The South African Reserve Bank (SARB) recently concluded a period of public comments on new proposals to regulate cryptocurrency assets.
In the paper, it proposed several changes to the way in which cryptocurrency-based services are allowed to operate in South Africa.
Among the proposed regulations is that platforms which handle digital assets will have to “FICA” clients. In other words, comply with provisions in the Financial Intelligence Centre Act.
This requires financial institutions to verify the identity of clients to combat money laundering and the financing of terrorism.
Services such as cryptocurrency trading platforms and wallet providers would also need to register with the relevant regulators. The details of the planned registration process are to be revealed before the end of March.
With the Reserve Bank aiming to make cryptocurrency services that operate in South Africa go through a registration process and become FICA-compliant, what does that mean for South Africans who trade on overseas exchanges?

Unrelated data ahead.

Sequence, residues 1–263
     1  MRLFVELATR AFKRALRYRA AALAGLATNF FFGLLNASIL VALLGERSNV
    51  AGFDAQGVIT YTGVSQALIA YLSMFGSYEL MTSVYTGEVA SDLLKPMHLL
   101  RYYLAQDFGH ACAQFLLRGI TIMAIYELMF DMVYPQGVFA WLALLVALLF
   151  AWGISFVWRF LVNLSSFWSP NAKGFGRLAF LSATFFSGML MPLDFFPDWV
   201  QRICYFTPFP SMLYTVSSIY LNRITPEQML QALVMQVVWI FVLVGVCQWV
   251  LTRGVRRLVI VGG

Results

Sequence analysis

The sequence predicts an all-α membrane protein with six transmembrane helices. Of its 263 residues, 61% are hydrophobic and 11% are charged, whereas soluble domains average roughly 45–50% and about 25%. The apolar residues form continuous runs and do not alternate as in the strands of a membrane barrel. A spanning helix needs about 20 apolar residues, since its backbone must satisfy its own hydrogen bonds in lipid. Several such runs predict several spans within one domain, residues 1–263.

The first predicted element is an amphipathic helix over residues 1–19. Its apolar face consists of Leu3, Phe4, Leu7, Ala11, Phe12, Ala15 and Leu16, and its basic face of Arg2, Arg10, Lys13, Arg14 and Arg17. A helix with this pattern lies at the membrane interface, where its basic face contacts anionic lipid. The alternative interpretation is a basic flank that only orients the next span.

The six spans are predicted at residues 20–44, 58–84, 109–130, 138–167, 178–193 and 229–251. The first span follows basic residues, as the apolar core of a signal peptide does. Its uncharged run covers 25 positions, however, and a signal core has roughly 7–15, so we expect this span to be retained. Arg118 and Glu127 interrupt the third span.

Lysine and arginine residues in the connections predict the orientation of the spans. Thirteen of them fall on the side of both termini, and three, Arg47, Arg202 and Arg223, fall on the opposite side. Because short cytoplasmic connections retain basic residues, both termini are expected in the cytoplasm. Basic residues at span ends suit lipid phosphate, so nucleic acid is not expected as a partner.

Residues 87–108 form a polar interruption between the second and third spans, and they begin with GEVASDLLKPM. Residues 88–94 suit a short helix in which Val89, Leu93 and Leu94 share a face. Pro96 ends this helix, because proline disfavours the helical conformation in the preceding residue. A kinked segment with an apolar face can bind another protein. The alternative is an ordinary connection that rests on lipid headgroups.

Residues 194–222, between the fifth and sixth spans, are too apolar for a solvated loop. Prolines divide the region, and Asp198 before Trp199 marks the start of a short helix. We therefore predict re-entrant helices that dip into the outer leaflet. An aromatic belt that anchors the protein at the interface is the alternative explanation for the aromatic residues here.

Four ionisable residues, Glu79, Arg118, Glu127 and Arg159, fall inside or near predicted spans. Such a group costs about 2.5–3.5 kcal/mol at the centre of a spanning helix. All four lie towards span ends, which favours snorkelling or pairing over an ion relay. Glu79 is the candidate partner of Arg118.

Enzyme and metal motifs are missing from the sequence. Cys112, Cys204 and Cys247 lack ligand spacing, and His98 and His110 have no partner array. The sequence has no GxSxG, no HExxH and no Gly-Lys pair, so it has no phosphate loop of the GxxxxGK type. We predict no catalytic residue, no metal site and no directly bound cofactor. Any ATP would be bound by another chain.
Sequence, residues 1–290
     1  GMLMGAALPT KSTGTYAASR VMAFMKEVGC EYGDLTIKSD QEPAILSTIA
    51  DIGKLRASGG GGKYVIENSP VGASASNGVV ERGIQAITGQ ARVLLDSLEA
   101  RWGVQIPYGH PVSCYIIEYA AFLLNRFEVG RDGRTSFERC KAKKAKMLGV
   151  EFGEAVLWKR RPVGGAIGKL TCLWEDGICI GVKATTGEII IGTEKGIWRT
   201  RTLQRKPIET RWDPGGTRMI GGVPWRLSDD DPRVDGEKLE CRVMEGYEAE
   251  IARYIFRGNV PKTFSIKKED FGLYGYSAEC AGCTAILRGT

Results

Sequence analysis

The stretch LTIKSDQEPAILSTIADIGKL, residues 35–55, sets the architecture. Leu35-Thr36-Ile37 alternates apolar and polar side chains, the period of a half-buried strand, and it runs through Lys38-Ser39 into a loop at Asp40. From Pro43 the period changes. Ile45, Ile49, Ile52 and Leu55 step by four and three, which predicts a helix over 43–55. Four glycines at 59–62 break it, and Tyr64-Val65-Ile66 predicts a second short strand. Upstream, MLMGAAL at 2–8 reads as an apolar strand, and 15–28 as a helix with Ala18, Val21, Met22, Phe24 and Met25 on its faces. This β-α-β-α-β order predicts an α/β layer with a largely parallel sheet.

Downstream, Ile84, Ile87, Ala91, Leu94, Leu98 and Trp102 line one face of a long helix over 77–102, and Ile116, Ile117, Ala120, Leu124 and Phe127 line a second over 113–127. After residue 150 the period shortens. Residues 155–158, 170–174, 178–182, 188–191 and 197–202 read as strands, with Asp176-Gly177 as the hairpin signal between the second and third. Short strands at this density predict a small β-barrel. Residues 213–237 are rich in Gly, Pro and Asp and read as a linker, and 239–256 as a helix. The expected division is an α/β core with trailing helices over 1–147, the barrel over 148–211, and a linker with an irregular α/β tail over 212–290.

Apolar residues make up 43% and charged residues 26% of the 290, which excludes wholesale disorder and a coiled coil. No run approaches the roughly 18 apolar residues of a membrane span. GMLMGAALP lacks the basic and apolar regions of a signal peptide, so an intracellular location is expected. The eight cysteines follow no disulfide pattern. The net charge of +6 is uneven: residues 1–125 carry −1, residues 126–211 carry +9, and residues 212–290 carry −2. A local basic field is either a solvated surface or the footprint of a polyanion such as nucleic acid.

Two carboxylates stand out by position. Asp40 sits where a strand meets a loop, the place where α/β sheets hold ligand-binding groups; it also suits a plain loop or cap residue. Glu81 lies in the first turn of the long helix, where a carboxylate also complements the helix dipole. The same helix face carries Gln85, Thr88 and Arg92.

Based on SARB’s proposal document, it doesn’t seem that much would change.
However, a senior associate in the tax team at Norton Rose Fulbright, Candice Gibson, explained that cryptocurrency traders will have to keep South African exchange control laws in mind.
Exchange control – R1-million allowance
“South African resident individuals are granted a R1-million single discretionary allowance per year, if they are over the age of 18 years and are in possession of valid South African identity document or smart identity document card,” Gibson said.
“The allowance may be used for any legitimate purpose which includes investing abroad, and is offered to the individual at the Financial Surveillance Department’s discretion and without any documentary evidence being provided to an authorised dealer of a bank.”
This means that if you want to use your allowance to invest in crypto assets abroad, you can.
“In the event that an individual wishes to invest in excess of R1 million abroad, an application would be required to be made via an ‘Authorised Dealer’ to the SARB for approval to remit funds out of South Africa,” said Gibson.
“Before being able to make such an application, the individual would be required to obtain a tax clearance certificate from SARS which is required to accompany the application.”